Nearly a third of SMBs rely on credit cards every day to smooth cash flow, and another quarter use bank overdrafts to make ends meet.
ata, compiled by accounting bank Bibby of over 200 small businesses, found that 30 percent used their credit cards for cash flow purposes or to fund growth, while another 26 percent used bank overdrafts.
While most companies prefer corporate credit, at 38 percent this is still less than the more than half who use short-term or revolving credit to fund their operations.
The information corroborates central bank data, which suggests firms have significantly increased their use of short-term borrowing since government Covid support was scrapped earlier this year.
Statistics from the central bank show that companies have more than doubled their use of credit cards and bank overdrafts in the last year, taking the amount of loans to more than 5.4 billion euros, one of the highest levels in almost seven years.
“These numbers are worrying because these options require a company to incur even more debt at a time when it doesn’t need it,” said Mark O’Rourke, chief executive of Bibby Financial Services Ireland.
“Irish companies are once again bracing themselves for further economic volatility thanks to a range of domestic and international hurdles, most of which are beyond their control.”
Outstanding loans with maturities under a year totaled 6.9 billion euros in March 2020 but fell quickly as the state introduced subsidy programs to help companies survive the pandemic.
But when the Employment Wage Subsidy Scheme (EWSS) expired this year, companies began using their short-term debt options, with a sharp spike in April when the scheme ended.
Since then, it has slowly risen as companies have gradually increased borrowing overall.
Net lending to non-financial corporations remained positive in August 2022, amounting to 295 million euros in the month, according to the latest Central Bank Money and Banking Statistics.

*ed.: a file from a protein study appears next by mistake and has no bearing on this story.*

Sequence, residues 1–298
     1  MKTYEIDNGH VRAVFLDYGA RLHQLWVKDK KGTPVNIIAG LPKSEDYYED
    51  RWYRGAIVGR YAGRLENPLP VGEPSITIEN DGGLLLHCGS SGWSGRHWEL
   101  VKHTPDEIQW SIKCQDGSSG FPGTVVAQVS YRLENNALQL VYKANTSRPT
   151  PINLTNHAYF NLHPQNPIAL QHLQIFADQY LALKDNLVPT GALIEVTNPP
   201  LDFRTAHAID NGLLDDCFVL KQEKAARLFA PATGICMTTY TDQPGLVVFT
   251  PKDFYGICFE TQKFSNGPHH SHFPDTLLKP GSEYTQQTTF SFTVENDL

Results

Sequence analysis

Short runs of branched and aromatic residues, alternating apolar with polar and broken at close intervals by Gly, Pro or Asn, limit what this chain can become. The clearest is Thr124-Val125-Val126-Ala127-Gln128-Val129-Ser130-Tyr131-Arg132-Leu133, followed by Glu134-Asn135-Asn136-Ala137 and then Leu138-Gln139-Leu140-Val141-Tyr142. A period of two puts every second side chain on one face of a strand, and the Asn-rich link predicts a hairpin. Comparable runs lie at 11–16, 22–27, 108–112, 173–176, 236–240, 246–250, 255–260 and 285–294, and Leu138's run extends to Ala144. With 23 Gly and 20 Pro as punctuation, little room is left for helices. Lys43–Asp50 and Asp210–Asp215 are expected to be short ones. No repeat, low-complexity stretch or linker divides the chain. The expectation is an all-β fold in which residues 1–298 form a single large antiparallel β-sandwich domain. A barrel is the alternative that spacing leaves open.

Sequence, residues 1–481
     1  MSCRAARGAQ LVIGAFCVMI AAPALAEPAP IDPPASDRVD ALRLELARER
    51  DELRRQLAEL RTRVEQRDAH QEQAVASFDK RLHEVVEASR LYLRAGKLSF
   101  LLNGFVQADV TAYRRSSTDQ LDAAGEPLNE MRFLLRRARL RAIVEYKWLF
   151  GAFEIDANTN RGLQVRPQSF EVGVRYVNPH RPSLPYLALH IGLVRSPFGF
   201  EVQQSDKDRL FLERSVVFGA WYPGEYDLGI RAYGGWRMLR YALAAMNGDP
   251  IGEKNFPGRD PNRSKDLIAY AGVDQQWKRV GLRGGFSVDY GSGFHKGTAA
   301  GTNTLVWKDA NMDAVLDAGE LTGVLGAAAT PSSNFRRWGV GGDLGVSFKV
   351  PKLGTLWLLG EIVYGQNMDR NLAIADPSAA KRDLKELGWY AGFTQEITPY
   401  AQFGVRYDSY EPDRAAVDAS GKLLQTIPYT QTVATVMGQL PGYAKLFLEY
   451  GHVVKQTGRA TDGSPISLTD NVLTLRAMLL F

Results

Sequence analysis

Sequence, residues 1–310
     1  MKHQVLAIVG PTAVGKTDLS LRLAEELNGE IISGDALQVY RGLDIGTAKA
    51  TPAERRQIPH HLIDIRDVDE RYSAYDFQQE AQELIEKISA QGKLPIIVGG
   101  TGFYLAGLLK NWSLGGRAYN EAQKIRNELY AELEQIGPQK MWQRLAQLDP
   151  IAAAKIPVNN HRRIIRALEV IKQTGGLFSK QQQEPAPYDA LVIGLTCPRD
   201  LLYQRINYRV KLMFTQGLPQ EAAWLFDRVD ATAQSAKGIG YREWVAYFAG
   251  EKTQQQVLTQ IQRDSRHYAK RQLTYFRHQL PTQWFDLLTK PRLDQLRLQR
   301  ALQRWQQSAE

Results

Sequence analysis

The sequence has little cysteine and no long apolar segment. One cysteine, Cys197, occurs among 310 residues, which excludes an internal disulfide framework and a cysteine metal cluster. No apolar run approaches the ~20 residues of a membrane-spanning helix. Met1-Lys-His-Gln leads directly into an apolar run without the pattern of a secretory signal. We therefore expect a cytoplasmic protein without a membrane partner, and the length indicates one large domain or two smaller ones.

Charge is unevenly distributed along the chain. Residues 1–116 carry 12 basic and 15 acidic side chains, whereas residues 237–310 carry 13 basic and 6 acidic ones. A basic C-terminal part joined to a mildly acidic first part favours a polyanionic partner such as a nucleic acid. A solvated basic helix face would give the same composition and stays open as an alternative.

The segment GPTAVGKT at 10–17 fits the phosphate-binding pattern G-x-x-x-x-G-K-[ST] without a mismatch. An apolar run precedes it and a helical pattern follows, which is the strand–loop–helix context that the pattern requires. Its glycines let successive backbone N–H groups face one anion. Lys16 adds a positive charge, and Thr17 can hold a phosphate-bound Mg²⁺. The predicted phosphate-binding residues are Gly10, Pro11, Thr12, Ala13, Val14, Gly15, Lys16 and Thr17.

On an annual basis, NFC loan drawdowns exceeded repayments by nearly €2.4 billion. This was the largest annual increase since mid-2009, resulting in a growth rate of 7.8 percent. About three-quarters of the net increase came from short-term borrowing less than a year old, indicating it’s mostly credit card and overdraft debt.
Bibby gives his sample of SMEs almost unanimous optimism about their business prospects and opportunities over the next 12 months, with more than half expecting to grow their sales but many still grappling with post-Covid challenges.
According to the study, tracking unpaid bills is the top funding concern for nearly a third of small businesses, followed by managing bad debt risk for 27 percent of businesses. Effectively managing day-to-day cash flow was identified as a challenge by more than a quarter of respondents.
Energy bills and commodity price inflation are the two biggest concerns for businesses over the next year, Bibby said.
https://www.independent.ie/business/irish/half-of-small-firms-use-credit-cards-or-overdrafts-to-meet-cash-flow-needs-bibby-survey-shows-42083626.html Half of small businesses use credit cards or bank overdrafts to meet their liquidity needs, a Bibby survey shows